You receive your driver’s total number of points scored in the race, including stage points they’ve earned.
Yes, that’s why.
If the driver of your pick has declared points another series — such as the Xfinity Series or the Camping World Truck Series — they will not receive driver points from NASCAR. Fortunately for you, in Random Fantasy Racing, you will earn the number of points that would have been given to the driver had they been eligible for points in the Monster Energy NASCAR Cup Series.
No. The spirit of the game is that it’s truly random. Sometimes you’ll get Jimmie Johnson, and sometimes you’ll get a BK Racing car.
Yes. You need to have a Twitter account to play. Fortunately, you can create one of those for free on Twitter.com.
Yes. You can delete the tweet if you want, but it’s a requirement to tweet your pick in order for your pick to be logged. Plus, the public spectacle of seeing your pick sent out to all your friends is fun and leads to trash-talking, which everyone likes.
No. When you approve the app to make your pick, the only thing that happens is your pick is tweeted and logged in our system. It doesn’t make your account tweet more things, it doesn’t change your bio, it doesn’t make you follow anyone. It just tweets exactly one time whenever you press the giant blue button on randomfantasyracing.com to make a pick.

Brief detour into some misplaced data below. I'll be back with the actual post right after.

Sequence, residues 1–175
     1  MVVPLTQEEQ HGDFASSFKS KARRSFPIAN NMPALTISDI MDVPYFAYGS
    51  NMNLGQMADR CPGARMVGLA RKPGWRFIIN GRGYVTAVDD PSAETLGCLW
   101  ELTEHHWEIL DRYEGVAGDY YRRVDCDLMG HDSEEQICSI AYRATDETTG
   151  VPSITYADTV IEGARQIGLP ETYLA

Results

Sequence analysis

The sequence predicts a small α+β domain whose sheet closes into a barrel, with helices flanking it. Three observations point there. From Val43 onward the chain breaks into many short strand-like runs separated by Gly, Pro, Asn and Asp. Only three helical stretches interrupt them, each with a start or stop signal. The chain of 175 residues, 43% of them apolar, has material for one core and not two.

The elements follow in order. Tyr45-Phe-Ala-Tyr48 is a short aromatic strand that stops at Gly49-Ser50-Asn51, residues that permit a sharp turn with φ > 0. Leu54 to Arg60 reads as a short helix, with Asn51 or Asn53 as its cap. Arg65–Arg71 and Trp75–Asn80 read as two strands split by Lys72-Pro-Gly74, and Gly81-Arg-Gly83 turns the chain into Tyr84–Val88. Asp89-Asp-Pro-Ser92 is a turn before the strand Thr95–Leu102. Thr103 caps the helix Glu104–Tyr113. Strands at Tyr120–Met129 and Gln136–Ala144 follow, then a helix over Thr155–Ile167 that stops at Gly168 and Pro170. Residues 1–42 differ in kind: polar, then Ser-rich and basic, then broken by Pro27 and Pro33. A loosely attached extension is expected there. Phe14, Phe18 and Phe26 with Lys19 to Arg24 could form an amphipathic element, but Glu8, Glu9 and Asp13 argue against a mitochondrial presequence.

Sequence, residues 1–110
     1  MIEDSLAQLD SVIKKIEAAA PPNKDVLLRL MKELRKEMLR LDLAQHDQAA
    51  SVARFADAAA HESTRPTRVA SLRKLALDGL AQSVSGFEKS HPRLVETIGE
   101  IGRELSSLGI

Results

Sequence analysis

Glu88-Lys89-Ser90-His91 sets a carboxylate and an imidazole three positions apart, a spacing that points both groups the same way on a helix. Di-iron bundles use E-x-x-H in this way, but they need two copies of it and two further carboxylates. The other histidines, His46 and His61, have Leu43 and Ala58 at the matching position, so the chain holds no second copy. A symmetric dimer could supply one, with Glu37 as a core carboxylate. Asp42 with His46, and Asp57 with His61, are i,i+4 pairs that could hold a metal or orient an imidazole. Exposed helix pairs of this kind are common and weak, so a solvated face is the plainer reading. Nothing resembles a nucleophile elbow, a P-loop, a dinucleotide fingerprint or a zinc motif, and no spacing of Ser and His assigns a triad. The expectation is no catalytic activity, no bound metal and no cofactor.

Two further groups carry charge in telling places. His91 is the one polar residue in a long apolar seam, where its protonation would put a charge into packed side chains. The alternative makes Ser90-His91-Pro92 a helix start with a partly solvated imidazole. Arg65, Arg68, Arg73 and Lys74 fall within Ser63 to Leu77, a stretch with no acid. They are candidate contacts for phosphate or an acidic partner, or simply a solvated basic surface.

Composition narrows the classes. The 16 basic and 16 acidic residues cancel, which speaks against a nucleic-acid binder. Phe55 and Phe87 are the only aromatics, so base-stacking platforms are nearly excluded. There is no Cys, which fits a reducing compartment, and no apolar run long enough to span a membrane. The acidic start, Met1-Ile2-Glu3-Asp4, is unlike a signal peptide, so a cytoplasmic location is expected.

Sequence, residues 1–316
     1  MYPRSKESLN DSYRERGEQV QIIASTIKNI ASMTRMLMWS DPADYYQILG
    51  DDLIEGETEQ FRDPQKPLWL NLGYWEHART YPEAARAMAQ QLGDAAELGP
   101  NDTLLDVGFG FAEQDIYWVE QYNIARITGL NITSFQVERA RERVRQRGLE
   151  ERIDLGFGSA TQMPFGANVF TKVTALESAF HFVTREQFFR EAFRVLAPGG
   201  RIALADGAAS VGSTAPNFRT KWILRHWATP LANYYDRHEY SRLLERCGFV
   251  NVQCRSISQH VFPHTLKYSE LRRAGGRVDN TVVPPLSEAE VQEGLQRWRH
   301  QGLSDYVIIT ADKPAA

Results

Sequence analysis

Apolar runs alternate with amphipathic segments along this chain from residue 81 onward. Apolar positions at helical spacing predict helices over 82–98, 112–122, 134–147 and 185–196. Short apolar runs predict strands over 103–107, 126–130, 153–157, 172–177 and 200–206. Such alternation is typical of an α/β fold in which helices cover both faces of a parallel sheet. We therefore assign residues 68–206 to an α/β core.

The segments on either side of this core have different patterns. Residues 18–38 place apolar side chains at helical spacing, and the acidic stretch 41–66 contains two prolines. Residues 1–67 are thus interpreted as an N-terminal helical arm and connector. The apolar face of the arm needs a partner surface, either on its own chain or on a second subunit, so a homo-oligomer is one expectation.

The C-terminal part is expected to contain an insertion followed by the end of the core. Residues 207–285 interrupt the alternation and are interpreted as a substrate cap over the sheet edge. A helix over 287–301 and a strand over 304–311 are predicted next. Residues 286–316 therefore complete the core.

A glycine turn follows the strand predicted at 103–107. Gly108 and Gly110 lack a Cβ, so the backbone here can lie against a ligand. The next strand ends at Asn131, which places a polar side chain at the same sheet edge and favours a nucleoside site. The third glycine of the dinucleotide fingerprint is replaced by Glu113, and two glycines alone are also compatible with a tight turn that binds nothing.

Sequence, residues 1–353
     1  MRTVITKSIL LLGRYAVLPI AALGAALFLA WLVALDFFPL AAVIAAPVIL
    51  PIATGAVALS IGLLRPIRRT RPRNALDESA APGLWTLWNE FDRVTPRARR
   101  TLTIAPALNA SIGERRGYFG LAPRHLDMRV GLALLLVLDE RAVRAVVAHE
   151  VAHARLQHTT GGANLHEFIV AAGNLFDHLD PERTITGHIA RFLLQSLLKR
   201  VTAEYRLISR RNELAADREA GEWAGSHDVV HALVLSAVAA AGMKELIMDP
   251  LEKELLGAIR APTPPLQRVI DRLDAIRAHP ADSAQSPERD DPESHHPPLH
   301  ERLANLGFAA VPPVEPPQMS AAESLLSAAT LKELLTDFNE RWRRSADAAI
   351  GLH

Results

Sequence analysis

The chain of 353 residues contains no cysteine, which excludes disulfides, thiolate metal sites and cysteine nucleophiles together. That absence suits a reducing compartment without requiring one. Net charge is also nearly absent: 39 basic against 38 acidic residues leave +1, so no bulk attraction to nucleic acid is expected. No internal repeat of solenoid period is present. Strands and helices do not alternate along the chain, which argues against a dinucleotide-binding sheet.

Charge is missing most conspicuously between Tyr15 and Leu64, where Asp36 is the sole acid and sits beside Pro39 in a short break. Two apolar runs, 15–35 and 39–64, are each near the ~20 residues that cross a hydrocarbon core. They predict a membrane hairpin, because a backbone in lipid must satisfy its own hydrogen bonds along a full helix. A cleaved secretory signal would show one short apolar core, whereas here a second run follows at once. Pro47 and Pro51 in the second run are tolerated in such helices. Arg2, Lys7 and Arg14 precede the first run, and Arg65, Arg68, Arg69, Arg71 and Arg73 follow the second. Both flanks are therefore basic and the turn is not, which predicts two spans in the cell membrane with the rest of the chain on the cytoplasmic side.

No. Nobody is ever exposed to your email address and it is not collected.
No. Random Fantasy Racing only follows the Monster Energy NASCAR Cup Series.
Unfortunately, our sticker vendor discontinued their program to buy stickers, and now no one can buy a sticker. What a disaster.
Yes. You can acquire the entire game for a non-negotiable $69,000.
Check This Week’s Picks and see if your Twitter username appears. If your username appears, your pick was recorded and you can go on with your day and tell everyone about your great picking skills. If your username does not appear on the list, your pick was not recorded and thus cannot be scored.